Network Rail has now completed its work to repair the iconic Ribblehead viaduct in North Yorkshire.
Since November 2020, 100ft-high scaffolding towers have moved across seven of the viaduct’s 24 arches to carry out masonry, drainage and repainting work.
The £2.1 million investment will secure the Grade II* listed structure’s future as both an historic landmark and vital railway link on the Settle-Carlisle railway line.
The improvements have been completed in time for easing of coronavirus lockdown restrictions this spring ready for an expected ‘Staycation Summer’.
As the Covid-19 lockdown eases, and stay-at-home holidays seem likely to be popular, many people are expected to visit the Yorkshire Dales National Park, with the Ribblehead viaduct being one of its star attractions.
Philippa Britton, principal programme sponsor for Network Rail, said: “The teams have worked throughout a harsh winter to restore this hugely important and impressive piece of Victorian engineering for the future and I’m hugely proud of the work we’ve carried out as part of the Great North Rail Project.
“We’ve worked incredibly closely with heritage experts and conservationists to make sure the repairs were sympathetic to the historic structure but would also last the test of time. Now these once-in-a-generation repairs are complete, we hope you won’t see scaffolding on this scale at Ribblehead again for many years to come.”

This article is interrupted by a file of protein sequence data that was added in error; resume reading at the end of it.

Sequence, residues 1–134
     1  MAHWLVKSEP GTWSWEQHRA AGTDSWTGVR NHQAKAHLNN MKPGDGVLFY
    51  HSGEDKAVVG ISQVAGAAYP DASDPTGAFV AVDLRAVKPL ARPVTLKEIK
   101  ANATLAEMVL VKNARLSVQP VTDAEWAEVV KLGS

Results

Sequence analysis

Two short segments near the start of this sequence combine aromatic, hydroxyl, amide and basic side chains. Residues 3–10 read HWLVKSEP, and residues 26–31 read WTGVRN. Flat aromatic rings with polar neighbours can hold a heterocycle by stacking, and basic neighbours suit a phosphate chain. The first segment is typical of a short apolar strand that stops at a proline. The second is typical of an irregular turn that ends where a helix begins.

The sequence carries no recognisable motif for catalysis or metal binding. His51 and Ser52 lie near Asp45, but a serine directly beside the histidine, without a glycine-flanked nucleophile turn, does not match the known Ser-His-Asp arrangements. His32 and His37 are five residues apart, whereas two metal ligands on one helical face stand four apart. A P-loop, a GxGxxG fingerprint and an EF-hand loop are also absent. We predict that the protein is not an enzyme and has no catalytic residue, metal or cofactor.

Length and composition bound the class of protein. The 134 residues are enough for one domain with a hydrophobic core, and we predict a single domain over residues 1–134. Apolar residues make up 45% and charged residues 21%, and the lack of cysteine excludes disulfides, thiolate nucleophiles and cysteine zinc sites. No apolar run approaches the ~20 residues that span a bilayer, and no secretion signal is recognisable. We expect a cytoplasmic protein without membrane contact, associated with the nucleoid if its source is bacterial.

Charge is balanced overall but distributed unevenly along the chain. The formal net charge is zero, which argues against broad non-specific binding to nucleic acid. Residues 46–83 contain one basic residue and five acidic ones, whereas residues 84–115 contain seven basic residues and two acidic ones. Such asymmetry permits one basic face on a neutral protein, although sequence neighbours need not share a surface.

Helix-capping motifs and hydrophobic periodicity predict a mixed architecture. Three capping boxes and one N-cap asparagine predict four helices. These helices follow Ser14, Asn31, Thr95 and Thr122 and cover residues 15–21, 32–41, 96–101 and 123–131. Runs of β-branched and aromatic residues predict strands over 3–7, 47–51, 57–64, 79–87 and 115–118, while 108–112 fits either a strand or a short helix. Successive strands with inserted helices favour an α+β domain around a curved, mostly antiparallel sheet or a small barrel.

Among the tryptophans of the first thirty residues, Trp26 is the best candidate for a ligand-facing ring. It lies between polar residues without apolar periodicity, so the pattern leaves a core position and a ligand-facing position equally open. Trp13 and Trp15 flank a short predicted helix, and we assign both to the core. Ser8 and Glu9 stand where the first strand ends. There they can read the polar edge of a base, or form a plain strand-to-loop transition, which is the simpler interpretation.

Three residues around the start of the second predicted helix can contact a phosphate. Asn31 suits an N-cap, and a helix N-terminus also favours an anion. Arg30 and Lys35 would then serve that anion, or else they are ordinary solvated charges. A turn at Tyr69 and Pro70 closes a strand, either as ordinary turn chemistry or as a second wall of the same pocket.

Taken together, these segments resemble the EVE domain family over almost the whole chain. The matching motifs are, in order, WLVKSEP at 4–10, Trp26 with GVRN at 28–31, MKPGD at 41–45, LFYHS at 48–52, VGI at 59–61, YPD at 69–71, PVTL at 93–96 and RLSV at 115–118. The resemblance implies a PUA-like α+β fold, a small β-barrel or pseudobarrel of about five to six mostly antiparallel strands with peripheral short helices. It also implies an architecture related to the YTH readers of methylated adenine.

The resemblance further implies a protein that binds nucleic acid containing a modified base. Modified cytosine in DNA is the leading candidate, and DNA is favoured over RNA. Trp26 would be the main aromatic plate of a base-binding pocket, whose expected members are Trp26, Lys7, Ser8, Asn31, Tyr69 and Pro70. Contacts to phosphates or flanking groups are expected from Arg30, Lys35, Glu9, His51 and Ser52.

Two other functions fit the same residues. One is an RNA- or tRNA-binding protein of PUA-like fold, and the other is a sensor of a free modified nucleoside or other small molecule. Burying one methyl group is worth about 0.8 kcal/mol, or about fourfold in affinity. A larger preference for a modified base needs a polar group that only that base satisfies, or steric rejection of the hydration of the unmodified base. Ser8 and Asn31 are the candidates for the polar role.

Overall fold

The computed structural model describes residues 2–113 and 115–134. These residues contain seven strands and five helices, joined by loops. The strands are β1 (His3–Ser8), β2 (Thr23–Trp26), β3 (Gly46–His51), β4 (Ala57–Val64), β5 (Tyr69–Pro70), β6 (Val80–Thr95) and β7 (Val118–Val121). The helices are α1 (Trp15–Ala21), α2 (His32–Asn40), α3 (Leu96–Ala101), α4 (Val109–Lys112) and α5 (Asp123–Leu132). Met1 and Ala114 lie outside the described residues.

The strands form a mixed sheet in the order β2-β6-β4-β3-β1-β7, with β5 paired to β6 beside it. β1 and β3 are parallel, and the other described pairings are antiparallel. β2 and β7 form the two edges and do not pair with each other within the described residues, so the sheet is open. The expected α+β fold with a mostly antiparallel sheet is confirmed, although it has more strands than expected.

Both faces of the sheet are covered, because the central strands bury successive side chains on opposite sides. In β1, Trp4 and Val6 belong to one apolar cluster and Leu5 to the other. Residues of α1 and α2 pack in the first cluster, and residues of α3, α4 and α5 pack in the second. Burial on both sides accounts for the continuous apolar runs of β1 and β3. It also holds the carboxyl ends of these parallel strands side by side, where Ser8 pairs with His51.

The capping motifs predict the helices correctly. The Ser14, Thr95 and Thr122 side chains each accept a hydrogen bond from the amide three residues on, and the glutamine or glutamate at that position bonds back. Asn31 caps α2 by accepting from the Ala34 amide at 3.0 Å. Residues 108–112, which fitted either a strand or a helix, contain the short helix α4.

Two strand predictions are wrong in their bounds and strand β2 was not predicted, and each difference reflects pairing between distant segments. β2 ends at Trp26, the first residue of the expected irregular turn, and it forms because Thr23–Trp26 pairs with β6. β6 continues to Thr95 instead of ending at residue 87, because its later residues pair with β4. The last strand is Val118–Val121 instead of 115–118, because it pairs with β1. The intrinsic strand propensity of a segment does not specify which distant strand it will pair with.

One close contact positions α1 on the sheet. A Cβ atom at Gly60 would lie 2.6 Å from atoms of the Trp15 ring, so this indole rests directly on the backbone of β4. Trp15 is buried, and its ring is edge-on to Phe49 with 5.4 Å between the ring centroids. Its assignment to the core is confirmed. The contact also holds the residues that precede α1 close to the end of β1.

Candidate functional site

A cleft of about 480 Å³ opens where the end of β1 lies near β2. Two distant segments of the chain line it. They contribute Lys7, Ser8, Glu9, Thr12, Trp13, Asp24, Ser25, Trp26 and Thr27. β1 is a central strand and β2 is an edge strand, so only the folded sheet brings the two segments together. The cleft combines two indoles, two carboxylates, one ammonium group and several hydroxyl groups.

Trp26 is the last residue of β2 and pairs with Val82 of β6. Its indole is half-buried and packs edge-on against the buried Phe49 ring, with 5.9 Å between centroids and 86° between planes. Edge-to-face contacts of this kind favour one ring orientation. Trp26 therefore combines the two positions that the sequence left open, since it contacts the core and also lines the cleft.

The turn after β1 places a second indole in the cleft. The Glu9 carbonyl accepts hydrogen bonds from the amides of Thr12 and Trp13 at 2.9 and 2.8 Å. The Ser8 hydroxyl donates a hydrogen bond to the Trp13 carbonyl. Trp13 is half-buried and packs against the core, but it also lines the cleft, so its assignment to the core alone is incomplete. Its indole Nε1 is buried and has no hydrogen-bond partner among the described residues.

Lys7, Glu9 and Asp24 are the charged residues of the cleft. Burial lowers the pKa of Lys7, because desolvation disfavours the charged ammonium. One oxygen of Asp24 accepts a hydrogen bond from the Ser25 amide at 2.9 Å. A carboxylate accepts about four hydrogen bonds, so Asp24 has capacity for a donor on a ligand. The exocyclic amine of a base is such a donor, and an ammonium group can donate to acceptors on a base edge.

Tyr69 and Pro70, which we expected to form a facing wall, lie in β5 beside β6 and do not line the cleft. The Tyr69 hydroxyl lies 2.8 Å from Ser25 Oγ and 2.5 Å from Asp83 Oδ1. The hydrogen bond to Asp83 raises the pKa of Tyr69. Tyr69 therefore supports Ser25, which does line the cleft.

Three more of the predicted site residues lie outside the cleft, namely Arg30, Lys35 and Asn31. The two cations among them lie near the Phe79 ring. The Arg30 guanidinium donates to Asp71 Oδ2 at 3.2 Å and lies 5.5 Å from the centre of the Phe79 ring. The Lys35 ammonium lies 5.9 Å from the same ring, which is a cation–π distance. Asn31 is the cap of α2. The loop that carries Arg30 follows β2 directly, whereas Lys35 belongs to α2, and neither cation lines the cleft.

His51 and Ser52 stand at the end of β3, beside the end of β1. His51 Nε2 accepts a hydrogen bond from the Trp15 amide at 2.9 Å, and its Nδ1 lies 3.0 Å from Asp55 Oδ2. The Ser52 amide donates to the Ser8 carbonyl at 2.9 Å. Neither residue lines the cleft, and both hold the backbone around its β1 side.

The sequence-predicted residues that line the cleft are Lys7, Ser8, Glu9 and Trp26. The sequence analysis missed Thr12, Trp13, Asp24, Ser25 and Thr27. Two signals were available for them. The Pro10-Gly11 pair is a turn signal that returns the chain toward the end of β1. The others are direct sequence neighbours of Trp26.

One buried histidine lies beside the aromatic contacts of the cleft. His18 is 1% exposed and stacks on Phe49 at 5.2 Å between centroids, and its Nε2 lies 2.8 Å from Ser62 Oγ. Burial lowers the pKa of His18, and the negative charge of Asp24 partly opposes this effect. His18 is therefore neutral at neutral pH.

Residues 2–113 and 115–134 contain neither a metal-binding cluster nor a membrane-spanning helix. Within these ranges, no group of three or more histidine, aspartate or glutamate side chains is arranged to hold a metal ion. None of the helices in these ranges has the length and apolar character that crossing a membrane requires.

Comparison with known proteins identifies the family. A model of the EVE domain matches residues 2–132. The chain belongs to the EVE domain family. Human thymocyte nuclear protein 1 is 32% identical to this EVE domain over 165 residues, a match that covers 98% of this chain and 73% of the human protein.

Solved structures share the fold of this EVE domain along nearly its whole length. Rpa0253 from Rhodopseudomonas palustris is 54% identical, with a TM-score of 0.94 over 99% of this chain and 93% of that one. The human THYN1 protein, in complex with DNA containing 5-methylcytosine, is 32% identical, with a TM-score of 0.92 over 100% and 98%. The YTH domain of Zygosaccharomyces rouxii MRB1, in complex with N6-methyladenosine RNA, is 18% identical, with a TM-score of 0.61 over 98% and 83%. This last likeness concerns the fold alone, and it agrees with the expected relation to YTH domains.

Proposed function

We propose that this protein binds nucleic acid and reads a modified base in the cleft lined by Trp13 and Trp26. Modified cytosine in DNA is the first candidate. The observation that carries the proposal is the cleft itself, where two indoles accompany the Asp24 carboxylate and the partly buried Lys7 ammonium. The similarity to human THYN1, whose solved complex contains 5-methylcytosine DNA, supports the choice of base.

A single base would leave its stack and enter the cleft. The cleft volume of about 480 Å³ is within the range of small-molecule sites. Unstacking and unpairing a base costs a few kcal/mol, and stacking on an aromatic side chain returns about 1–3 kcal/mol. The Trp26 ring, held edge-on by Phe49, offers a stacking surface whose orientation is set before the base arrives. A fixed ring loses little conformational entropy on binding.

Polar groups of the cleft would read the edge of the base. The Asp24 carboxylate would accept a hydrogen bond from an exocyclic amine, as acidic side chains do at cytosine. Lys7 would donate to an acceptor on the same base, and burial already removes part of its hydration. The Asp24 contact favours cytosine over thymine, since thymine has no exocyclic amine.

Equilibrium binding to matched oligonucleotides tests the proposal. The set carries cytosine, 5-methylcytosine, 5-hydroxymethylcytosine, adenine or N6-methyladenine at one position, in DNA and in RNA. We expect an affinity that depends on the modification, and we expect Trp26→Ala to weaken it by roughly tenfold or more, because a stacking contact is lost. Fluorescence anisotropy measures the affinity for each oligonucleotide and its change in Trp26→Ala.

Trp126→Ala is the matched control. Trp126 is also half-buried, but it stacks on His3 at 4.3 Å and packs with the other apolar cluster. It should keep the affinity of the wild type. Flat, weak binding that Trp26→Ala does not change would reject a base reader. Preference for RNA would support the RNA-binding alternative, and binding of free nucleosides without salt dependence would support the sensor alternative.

The much-loved Ribblehead viaduct is not only one of the country’s most recognisable railway structures, it is also an important transport corridor for local people, tourists and freight as it carries the Settle to Carlisle railway 400 metres across the Ribble valley.
During this project, the latest laser and drone survey technology mapped every inch of the Grade II* listed viaduct for the first time, giving a detailed record of its condition so it can be closely monitored in future.
In February plans were submitted to the Yorkshire Dales National Park Authority to fix further minor faults found during the course of the planned work. This unexpected planning application was granted so the repairs could be completed as part of the same project.
With experts already in place, this saved a huge amount of taxpayers’ money – preventing Network Rail from having to come back and erect scaffolding all over again in the near future.